“A dark gloomy day for Pokepsie” – The Destruction of the Henry Clay

You may notice that the word “Poughkeepsie” is misspelled in our title. That is because it was spelled this way in an 1852 diary written by Matthew Vassar Jr., which is located here in our local history collection. He wrote these words to sum up the terrible news that he had just heard on July 31st, that the steamer ship Henry Clay had caught fire and crashed ashore near Yonkers. This year will mark 170 years since the catastrophe, and even though it did not take place near Poughkeepsie, it was certainly felt by many people within the city. 

The Henry Clay was built by Thomas Collyer in 1851 and was known as a side-wheel paddle steamer. Her length was just under 200 feet and she (yes, boats are referred to as she/her) had the capacity to carry over 500 passengers and crew. In the 1840s and 50s, it was quite common for steam ships to race each other from New York City to Albany. Since there were many Steamer companies competing, it certainly looked appealing to paying customers if a ship could make the journey in seven and a half hours instead of eight or even longer. However, it was extremely dangerous, as boilers could overheat and explode. Fires on these boats were common: between January and July of 1852 alone, there were 19 fires and wrecks, resulting in over 350 deaths – all before the destruction of the Henry Clay

On July 28th, the Henry Clay and her rival ship the Armenia both left the port at Albany at 7:00 AM in a race to see who could reach New York City first. Both ships had stops to make in order to pick up and drop off passengers along the way. The Henry Clay stopped in Hudson to pick up passengers but the Armenia went speeding by. One passenger was thoroughly annoyed when the ship did not stop at Bristol Landing (as she was scheduled to) because the Armenia had stopped there, and this would allow her the chance to take the lead in the race. Meanwhile, most of the passengers spent the morning walking the decks, sitting in chairs enjoying the views, or enjoying conversations inside the ship’s fashionable salons. 

When the Henry Clay docked at Poughkeepsie, she picked up another 100 passengers, including Mrs. Emily Bartlett, the wife of Charles Bartlett who was the principal of the school at College Hill. A local shoemaker, George Theilman got on board with his sister Mrs. Margaret Chatillon and her two young daughters, as well as a woman named Charlotte Johnson who was said to be about 25 years old, and one of the few African Americans on board that fateful day. The next stop she would make was in Newburgh, where they picked up a known celebrity of the day, Andrew Jackson Downing, the talented landscape architect and horticulturist. 

By the time the ship had made its way past West Point, the rival Armenia had slowed down and appeared to have given up the chase, but the Henry Clay continued to maintain dangerously high speeds. None of the passengers could stand to be anywhere near the engine room as the heat was extreme, on top of the fact that the outside temperature was reading almost 85 degrees that day. Around 3:00 PM, a fire broke out around midship which sent passengers in opposite directions, either to stern (rear) or bow (front). The ship turned and headed towards the eastern shore and smashed into the beach, stopping just short of the train tracks. Those who had made their way to the bow were able to jump to land, but anyone in the middle or at the stern of the ship had to choose between a death in the flames or a death by drowning. Many female passengers in heavy dresses exhausted themselves in the water and succumbed to the harsh river tides.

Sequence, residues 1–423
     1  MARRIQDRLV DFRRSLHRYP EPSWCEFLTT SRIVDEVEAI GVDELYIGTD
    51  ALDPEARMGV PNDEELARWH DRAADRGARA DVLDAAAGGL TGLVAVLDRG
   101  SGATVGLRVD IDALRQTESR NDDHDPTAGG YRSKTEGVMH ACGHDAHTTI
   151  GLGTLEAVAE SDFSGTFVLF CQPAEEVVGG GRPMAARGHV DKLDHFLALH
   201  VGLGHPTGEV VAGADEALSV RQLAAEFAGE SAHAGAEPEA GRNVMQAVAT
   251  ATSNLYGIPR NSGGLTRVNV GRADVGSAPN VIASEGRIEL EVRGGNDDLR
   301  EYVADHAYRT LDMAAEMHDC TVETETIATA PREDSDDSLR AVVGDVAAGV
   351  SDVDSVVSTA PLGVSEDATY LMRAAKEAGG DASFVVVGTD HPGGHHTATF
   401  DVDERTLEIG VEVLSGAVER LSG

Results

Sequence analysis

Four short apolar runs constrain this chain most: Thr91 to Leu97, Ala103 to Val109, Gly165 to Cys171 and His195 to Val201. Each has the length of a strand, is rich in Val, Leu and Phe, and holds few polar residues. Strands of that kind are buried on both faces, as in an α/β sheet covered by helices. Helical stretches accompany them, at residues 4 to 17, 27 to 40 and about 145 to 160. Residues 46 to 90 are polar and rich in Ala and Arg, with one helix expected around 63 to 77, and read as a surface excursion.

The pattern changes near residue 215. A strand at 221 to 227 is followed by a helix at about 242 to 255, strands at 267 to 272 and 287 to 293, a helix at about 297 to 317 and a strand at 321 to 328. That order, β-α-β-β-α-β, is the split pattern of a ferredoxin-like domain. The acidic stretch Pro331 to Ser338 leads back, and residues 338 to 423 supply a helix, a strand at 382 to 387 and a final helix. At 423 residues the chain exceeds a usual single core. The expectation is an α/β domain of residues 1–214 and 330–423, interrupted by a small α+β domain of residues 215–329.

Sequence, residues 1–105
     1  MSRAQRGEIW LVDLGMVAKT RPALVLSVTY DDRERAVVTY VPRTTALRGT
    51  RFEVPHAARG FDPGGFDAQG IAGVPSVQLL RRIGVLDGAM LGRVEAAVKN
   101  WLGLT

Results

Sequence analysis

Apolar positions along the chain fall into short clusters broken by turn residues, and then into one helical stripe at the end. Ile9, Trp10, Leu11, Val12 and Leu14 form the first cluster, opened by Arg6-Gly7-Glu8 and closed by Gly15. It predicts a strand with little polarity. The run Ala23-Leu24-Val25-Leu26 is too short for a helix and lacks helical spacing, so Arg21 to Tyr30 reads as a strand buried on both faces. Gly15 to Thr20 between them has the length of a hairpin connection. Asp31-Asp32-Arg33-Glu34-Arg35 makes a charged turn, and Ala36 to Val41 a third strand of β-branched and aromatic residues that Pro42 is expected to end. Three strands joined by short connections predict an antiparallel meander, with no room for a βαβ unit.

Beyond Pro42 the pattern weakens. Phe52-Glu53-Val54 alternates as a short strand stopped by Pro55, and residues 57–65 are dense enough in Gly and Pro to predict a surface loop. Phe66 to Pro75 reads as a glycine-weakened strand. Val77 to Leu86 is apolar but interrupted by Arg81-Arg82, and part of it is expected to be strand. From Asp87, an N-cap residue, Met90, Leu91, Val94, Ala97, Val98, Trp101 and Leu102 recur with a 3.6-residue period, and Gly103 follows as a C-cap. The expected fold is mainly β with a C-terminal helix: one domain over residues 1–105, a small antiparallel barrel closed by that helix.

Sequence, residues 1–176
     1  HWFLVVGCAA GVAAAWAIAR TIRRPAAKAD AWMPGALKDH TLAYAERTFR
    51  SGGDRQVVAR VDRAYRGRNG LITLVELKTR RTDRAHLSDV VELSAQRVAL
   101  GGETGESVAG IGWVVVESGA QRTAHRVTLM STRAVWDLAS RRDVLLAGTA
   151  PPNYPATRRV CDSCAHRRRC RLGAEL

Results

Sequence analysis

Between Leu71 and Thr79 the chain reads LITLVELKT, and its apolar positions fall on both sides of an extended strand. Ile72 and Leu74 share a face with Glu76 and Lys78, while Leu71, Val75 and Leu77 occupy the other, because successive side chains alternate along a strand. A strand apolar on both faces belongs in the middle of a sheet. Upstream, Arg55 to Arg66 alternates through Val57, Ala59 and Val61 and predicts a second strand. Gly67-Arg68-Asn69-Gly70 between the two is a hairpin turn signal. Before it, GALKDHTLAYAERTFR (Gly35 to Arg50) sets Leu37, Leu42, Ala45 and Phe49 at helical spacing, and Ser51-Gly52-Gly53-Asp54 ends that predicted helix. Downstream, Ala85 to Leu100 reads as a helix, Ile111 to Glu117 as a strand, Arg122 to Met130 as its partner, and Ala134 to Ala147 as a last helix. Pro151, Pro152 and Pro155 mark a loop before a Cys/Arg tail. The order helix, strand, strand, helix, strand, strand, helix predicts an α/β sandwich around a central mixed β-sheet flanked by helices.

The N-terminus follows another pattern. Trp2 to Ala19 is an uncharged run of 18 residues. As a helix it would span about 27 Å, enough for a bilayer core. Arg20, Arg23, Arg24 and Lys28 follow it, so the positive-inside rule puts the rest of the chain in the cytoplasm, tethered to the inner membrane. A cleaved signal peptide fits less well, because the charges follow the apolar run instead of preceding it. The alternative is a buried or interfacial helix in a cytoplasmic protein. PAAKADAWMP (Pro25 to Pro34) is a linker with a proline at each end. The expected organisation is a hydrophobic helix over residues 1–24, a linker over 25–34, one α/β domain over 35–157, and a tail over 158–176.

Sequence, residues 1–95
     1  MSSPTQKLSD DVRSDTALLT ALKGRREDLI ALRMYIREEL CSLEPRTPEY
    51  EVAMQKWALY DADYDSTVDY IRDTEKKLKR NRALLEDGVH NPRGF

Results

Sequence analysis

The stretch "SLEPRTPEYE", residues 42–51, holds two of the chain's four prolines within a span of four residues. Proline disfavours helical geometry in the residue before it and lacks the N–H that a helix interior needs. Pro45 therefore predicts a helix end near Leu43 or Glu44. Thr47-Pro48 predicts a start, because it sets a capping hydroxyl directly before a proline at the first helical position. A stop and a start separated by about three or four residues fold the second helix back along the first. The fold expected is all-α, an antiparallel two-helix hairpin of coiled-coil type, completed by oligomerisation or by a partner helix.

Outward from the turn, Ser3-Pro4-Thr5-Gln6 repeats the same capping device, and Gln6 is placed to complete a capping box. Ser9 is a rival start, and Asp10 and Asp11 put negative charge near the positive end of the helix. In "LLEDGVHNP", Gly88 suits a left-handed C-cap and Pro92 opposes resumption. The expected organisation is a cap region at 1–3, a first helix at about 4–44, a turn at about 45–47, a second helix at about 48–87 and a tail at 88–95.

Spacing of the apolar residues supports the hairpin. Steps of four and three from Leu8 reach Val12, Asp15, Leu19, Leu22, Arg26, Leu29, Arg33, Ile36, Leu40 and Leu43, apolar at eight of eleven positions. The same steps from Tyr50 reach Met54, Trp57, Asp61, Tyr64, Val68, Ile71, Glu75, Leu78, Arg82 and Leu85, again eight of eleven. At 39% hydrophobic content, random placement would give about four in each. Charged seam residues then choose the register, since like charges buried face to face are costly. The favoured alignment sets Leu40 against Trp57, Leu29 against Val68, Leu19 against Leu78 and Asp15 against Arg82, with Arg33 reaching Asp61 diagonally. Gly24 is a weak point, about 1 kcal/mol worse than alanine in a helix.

When Matthew Vassar Jr. wrote in his diary, he clearly was disturbed by the event, writing about “the loss of life of 70 to 80 persons by fire + drowning.” Sadly, the exact number appears to be unknown, as several passengers were missing and never properly identified. He also went on to add, “a gloom is cast over this village – the family of Theilman, 4 in number brott (brought) up + buried this day – Mrs. Bartlett wife of Chas Bartlett College Hill – also Charlotte a colored woman all of this Village and many acquaintances aboard sad, sad (illegible) is the case.” He finished the entry by writing, “a dark gloomy day for Pokepsie.” Not long after this disaster, legislation was passed which banned the racing of steamer ships on the Hudson.  

“Death Passage on the Hudson: The wreck of the Henry Clay” by Kris A. Hansen – LH 974.73
New York Times: 30 Jul 1852
Poughkeepsie Journal: 31 Jul 1852, 7 Aug 1852

01 – Portrait of Matthew Vassar Jr. from the Vail Brothers Studios – LH Collection
02 – Photo of the writing in Matthew Vassar Jr.’s diary – LH Collections
03 –
A powerful image from the Metropolitan Museum of Art  – showing the destruction of the Henry Clay
04 –
Another powerful image from the Metropolitan Museum of Art – showing the destruction of the Henry Clay